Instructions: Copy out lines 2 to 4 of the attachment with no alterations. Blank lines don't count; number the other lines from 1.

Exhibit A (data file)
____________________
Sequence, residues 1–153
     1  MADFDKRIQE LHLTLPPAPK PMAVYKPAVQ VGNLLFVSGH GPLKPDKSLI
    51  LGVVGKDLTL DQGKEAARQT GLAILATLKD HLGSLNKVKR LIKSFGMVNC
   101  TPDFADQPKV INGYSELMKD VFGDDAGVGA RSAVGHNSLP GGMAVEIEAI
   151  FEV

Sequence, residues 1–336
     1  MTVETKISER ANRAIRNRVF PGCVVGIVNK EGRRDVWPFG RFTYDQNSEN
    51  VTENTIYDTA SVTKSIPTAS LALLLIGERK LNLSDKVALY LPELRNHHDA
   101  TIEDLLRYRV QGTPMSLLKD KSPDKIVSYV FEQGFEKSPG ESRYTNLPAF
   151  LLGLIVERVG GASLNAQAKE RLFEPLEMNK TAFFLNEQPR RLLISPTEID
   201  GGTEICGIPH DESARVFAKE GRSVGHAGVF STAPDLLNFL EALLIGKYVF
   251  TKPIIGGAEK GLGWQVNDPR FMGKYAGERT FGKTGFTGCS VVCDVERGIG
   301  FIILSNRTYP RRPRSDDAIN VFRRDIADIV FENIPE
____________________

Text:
     1  MADFDKRIQE LHLTLPPAPK PMAVYKPAVQ VGNLLFVSGH GPLKPDKSLI
    51  LGVVGKDLTL DQGKEAARQT GLAILATLKD HLGSLNKVKR LIKSFGMVNC
   101  TPDFADQPKV INGYSELMKD VFGDDAGVGA RSAVGHNSLP GGMAVEIEAI